Share this story:Share on FacebookTweet about this on TwitterPin on PinterestShare on LinkedInEmail this to someone

There has been much talk in the media about how debt and repayments differ in the way that they are handled between Scotland and the rest of the United Kingdom.

In Scotland, debtors are legally protected when they get into difficulty and enter into debt payment programmes. In these, a court assesses what a debtor can afford to repay over an agreed timescale and then freezes interest, penalties and other administration charges. There are also restrictions on the way that creditors can contact customers who are in this position.

In England and Wales, however, there is nothing in law to stop a creditor from refusing to give a debtor breathing space, meaning that interest charges and penalties can continue to rack up, potentially putting the customer into very severe financial difficulties. The lack of rules over debt breathing spaces has led many people to claim that the situation harms both customers and financial organisations because it means that those who are in debt do not have any incentive to seek help before they get into serious trouble.

Under the present arrangements, even where a  formal Debt Management Plan (DMP) is in place, there is nothing to compel creditors to accept the offers made or freeze interest and charges. There is no protection against any creditor who is in a DMP from undermining its effectiveness by taking further action, usually by issuing a claim in the county court. This protection is only available if people enter into a formal debt or insolvency procedure, such as an Individual Voluntary Arrangement (IVA), administration order, a debt relief order, or bankruptcy.

debt breathing space

So, what’s being done about it?

At the moment, not a lot. But there is increasing pressure on the Government to implement a new debt support programme for England and Wales which mirrors the Scottish model. The Financial Inclusion Commission is lobbying Westminster to set up debt arrangements along the lines of those in place north of the border as part of a wider set of measures to protect people who are seriously in debt and those who are serious about tackling their financial problems.

The commission wants the Government to introduce measures which will give those in debt legal protection from their creditors so long as they make serious and concerted efforts to get their debt problems under control and show determination to start making repayments.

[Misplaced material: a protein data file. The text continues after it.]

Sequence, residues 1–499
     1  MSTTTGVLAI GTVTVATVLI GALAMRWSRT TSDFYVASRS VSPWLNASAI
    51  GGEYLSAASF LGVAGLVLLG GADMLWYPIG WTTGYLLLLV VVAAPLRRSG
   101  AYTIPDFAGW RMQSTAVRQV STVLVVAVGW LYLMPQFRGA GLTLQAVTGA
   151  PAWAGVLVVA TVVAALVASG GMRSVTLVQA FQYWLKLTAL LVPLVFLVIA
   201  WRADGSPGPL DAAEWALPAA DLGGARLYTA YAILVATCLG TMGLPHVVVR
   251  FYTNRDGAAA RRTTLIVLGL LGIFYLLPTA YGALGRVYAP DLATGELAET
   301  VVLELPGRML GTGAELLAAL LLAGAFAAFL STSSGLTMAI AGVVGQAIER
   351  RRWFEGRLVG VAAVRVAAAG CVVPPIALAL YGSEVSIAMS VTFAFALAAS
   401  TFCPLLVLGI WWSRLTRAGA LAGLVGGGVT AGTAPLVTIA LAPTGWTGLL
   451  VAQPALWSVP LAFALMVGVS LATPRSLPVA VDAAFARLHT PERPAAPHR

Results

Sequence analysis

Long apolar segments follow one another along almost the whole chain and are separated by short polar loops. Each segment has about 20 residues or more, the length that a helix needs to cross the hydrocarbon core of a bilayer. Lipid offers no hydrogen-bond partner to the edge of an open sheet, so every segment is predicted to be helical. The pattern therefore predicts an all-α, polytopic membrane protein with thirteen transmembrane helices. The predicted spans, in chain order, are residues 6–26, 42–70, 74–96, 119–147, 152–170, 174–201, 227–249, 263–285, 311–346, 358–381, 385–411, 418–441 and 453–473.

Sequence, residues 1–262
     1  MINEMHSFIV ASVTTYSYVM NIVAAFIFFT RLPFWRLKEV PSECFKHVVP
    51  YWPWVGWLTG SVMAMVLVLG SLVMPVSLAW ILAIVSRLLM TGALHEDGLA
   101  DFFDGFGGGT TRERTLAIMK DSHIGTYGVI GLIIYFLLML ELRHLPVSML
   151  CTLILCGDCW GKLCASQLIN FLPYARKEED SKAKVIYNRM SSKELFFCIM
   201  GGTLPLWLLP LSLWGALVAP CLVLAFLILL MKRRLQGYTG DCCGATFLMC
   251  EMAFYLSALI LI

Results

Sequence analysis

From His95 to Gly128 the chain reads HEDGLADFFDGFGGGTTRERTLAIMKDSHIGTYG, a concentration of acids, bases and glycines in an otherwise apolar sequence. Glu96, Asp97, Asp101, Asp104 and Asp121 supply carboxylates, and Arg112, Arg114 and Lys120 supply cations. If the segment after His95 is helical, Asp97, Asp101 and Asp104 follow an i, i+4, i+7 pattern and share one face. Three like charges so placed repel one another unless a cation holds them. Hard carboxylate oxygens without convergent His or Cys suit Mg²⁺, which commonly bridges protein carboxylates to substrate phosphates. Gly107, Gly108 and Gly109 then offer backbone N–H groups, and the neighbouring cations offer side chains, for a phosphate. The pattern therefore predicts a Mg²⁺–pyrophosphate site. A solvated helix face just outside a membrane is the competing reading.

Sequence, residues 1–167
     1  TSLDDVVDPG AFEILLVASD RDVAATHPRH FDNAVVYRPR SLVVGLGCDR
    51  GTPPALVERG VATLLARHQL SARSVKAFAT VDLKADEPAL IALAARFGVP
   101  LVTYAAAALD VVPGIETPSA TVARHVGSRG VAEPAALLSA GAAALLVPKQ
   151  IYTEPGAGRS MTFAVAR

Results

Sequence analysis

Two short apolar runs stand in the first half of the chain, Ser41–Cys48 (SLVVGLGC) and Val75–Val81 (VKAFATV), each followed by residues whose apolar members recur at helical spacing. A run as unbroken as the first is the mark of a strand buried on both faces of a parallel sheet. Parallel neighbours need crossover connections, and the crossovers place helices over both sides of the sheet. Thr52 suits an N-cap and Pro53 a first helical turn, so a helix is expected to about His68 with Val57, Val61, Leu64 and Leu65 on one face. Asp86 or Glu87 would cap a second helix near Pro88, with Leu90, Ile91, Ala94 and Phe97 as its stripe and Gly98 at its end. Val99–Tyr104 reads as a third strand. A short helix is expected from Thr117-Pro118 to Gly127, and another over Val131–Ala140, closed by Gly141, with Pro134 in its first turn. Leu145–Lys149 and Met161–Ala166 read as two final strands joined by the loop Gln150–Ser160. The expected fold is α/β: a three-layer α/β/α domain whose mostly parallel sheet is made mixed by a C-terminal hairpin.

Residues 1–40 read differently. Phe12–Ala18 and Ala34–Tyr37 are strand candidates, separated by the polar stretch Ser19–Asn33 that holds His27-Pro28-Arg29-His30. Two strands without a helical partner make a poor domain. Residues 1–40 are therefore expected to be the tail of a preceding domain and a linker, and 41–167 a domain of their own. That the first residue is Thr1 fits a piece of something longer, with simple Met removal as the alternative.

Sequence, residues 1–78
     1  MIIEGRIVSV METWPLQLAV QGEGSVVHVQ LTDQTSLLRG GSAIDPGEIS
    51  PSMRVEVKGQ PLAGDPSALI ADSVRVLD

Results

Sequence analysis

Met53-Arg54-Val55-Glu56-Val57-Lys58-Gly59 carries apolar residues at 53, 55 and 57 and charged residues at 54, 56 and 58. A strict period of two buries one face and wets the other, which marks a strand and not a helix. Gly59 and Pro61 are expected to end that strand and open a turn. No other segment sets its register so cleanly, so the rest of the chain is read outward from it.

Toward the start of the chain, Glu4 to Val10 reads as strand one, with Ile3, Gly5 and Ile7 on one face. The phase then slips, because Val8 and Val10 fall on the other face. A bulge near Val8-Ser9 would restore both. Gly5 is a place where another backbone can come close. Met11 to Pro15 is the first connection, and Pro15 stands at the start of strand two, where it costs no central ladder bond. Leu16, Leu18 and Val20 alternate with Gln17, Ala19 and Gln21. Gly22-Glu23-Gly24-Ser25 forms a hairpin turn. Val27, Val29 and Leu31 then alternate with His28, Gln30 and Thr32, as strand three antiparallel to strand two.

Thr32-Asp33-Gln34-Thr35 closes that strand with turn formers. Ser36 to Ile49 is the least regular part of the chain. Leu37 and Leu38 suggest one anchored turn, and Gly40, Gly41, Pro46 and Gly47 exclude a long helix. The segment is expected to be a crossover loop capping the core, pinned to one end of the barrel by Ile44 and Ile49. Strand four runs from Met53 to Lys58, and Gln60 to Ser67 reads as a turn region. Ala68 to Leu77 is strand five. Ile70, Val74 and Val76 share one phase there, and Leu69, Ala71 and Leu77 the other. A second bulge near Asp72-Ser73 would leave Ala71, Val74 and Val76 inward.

The commission wants this protection written into formal debt repayment programmes. These are legally binding agreements between debtors, creditors and debt arrangement scheme advisers and put repayment of debts onto sustainable footings.

Changes to legislation relating to debt could take years to be implemented, so what can you do in the meantime? We’ve written a guide to managing your debt which we hope will help you address any stressful debt issues you may currently be suffering.

Tackling the negative effects of debt

With an estimated 9 million people in the UK facing significant problems with debt – amounting to a total of £1.4 trillion – there is mounting concern about the effect that debt is having on families and society.

That’s why the so-called ‘breathing space’ measure is one of a raft of proposals being put forward by the Financial Inclusion Commission. The breathing space would mean that a debtor would be protected from interest, penalties and further action by his or her creditors for a period from six weeks to one year.

The other proposals include:

  • A freeze on interest and charges with an ongoing freeze on further action by creditors during the entire agreement repayment plan. The interest and penalties that would have been accrued would then be written off completely at the end of the payment plan provided that the debtor completes this according to the agreement.
  • The commission wants more flexibility for people in debt. This would include payment holidays of once a year and the ability to vary repayment plans should a debtor’s circumstances change
  • Where people owe money to more than one creditor, the commission wants any agreement to consist of a single regular repayment which would be distributed to each creditor in proportion to the amount that they are owed.
  • The commission wants money and debt advice to be included in the repayment process to help people in difficulty get out of debt and then put them on a more sustainable footing once they are back in the black.
  • The creation of a special financial ‘tool’ or set of criteria which could be used by any debtor prior to the drawing up of a payment plan.

Related Stories